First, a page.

It's being widely reported that Saudi Arabia is pushing for a regional embrace of Syria's President Bashar al-Assad, more than a decade after Syria was booted from the Arab League due to the conflict which burned starting in 2011, chiefly for Damascus' anti-demonstration crackdown.
Reuters first reported this week that Saudi Foreign Minister Prince Faisal bin Farhan is planning to extend a formal invitation for Assad to attend an Arab League summit in Riyadh, planned for May 19. This will reportedly take place in person as bin Farhan is expected to soon travel to Damascus. Bloomberg is calling this a "win for Iran".
After diplomatic efforts from gulf states in the wake of the devastating earthquakes which rocked Syria and Turkey in early February sped up, Middle East Eye has reported that "Maher al-Assad, the Syrian president’s brother and head of the feared Fourth Armored Division, reportedly visited Saudi Arabia last month and received the kingdom’s conditions for normalization."
One by one, gulf nations have reembraced Assad. First the Syrian leader visited Oman in February, and the next month he went to UAE with his first lady Asma. Egypt has also sent delegations to Damascus.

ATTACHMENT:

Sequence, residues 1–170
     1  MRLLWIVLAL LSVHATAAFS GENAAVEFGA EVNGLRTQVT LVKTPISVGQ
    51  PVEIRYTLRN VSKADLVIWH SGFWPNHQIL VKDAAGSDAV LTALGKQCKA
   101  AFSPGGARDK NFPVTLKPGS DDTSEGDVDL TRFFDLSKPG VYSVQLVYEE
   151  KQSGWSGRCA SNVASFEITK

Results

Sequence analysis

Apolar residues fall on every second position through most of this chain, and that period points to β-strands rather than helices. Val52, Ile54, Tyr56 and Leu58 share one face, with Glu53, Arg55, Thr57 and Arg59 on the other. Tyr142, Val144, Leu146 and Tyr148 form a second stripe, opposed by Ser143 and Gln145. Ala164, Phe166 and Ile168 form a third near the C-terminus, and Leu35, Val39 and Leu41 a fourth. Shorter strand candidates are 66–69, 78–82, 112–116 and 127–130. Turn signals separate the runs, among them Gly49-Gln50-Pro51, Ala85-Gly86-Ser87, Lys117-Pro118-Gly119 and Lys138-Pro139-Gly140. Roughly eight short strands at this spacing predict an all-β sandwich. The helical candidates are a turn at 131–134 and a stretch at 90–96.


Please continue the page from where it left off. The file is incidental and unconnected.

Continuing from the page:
Washington has been complaining about these contacts, while watching from the sidelines, as the Pentagon has continued the controversial occupation of oil and gas rich northeast Syria. Importantly, it comes against the backdrop of a China-brokered peace between Iran and Saudi Arabia. A regional analyst recently observed:
Now, as China takes a more assertive economic diplomacy role in the Middle East, Syria remains key to Saudi Arabia’s desire to cool regional tensions.
Saudi Arabia presented the last obstacle to Syria’s return as a key player in the Arab world - a thaw that began with a hug between the Bahraini and Syrian foreign ministers at the United Nations in 2018.
But still, the Biden administration has taken a softer tone to this rapprochement than hawks were hoping for. A senior US administration official was cited this week as saying Arab states should "get something in return" if they restore ties with Assad.
As the above discussion on Syriana Analysis with regional expert Kamal Alam highlights, times have changed, and that change is coming fast.
A central irony remains, however: Saudi Arabia for years led the way alongside the US in seeking to topple Assad by any means possible. This included supporting jihadists and armed death squads which helped spawn ISIS, as even internal Pentagon memos have admitted.